When attending library school a few years ago I was surprisingly and naively blindsided by some of the insular discussions taking place in library schools, many of which primarily focused on librarians justifying their continued relevance to one another in the ‘information age’. Clearly, librarians are being acculturated early in their careers to justify their relevance to one another…. and this lingers throughout the rest of our library careers. This is something we, as librarians, need to move on from. If we spent as much time focusing on working with communities of interest, and putting theory into action, we would not have to engage in these internal, ad nauseam discussions.
Last month, in one of her final postings, Devon posted a blog on how academic librarians annoy academics. This article, to date, has been accessed 3,560 times…
The outcry from both this posting and another from a former college at Halifax Public Libraries has really shone a light on the need to focus future blog postings on the Social Justice Librarian on the issue of social justice – not just for us as librarians – but for the communities we are meant to serve.
Future Directions for the Blog
Over the course of the next few weeks there will be a few new writers on the Social Justice Librarian blog, which will expand the scope of the blog beyond the Canadian context. I am very excited to let readers of this blog know that John Vincent, networker at The Network in England and John Gehner (previous coordinator of Hunger, Homelessness & Poverty Task Force – SRRT/ALA) from Urbana, Illinois have both accepted invitations to become writers on this blog! In the next few weeks I am hoping that at a minimum you will become acquainted with both of them. I believe we will all learn from their perspectives – and hopefully, at a minimum, consider the perspectives they bring in our daily work.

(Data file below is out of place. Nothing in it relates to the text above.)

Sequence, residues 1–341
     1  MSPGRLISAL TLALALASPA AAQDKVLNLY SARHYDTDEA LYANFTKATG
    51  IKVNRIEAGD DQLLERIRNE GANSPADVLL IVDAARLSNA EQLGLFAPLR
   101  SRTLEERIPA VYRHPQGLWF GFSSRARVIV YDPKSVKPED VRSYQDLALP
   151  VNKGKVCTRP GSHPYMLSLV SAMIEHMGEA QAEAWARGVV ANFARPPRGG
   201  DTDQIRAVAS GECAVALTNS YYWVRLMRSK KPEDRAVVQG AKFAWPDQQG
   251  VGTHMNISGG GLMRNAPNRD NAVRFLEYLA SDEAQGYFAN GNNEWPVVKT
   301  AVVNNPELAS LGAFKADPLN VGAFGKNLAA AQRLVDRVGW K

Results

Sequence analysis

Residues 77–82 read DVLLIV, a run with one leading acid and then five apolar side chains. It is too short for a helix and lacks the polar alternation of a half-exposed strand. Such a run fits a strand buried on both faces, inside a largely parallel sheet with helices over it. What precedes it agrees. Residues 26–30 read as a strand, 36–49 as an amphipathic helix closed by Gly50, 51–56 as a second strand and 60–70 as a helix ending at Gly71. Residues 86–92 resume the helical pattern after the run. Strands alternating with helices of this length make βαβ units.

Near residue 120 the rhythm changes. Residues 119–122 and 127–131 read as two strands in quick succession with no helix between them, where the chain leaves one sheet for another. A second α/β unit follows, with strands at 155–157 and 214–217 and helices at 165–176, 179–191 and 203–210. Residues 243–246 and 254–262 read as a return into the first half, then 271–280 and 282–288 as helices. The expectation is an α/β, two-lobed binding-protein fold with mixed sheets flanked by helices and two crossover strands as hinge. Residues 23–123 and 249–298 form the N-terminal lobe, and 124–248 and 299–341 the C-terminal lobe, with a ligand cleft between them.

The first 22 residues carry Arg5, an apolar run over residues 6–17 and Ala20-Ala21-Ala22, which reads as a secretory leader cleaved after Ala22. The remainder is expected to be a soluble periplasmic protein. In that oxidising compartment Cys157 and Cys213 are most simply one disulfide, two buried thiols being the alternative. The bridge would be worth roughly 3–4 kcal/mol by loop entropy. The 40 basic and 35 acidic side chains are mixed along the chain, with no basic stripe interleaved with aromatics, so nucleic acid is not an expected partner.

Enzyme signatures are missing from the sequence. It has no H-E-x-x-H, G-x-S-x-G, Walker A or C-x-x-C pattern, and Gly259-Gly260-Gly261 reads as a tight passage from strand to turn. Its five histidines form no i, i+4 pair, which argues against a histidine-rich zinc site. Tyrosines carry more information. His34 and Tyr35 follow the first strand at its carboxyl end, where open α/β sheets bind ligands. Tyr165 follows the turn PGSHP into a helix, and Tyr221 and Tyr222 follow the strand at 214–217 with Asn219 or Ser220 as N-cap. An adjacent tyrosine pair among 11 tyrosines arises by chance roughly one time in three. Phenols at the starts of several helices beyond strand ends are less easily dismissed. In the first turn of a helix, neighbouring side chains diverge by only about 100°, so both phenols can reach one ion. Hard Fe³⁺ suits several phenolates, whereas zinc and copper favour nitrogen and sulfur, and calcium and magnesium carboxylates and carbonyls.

Additionally we will be also introducing some guest bloggers – from time to time.
As we all know, the world is continually expanding, while at the same time contracting – so we and many of the community members we work with (or are supposed to be working with) are facing many of the same SOCIAL and JUSTICE issues, regardless if they living in London or Chicago, Vancouver, Lisbon, Melbourne, Mumbai, Abuja or Beijing.
Social Justice is core to librarianship. Once again, to source one of our new contributors – John Vincent -“unless one puts some values at the core of librarianship (such as fighting for social justice), then it’s just an empty box of gadgets – which is why, I think, people get so het up about challenges to their “usual” role – if you aren’t clear what your role is, so you construct one based on professional identity”.
Therefore, one of the main questions which needs to be discussed is – what is the role of librarians in discovering and responding to these external (yes, and at time internal) needs? We hope to focus future discussions on a wide range of topics and issues including (but not limited to):
- Critically questioning current approaches and roles taken on by library systems,
- Proposing innovative approaches which could be tried, adjusted and implemented in progressive library systems,
- Discussing why and how to address barriers to working with underserved individuals [which by the way could and should also be viewed as a large segment of potential library users], and of course
- Celebrating best practices [while also acknowledging that each community needs to be responded to, based on their own distinctive needs]…
I hope to leave a profession, in about 30 years, where conversations are happening between library staff and communities… instead of us taking internally created messages to communities – and ourselves – to justify our existence.